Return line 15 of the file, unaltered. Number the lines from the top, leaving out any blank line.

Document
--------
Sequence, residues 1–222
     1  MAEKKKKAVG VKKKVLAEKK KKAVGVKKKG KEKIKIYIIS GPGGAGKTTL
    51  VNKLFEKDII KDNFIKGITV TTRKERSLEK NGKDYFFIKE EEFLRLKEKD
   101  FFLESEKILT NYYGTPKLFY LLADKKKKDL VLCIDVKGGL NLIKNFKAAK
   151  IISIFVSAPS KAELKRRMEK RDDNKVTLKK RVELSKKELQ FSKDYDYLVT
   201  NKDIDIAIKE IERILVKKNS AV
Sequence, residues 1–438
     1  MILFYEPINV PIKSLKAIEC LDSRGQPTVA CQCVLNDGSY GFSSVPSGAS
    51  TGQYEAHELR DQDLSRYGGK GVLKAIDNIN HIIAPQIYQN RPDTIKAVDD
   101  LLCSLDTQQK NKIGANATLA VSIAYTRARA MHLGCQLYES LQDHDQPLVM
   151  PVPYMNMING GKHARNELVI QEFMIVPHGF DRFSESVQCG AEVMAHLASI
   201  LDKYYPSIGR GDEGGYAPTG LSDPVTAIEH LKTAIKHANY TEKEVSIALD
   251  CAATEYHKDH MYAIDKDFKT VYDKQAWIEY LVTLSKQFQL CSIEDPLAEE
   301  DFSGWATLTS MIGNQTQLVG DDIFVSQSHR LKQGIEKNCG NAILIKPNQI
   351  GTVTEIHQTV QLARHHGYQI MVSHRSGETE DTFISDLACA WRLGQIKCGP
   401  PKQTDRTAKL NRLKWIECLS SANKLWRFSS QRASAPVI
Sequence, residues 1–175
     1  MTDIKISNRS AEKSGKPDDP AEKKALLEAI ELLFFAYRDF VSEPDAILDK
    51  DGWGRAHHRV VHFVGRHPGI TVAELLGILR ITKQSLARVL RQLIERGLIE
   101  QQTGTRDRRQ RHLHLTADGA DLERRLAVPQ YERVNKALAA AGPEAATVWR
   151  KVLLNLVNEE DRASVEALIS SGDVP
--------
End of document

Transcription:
   351  GTVTEIHQTV QLARHHGYQI MVSHRSGETE DTFISDLACA WRLGQIKCGP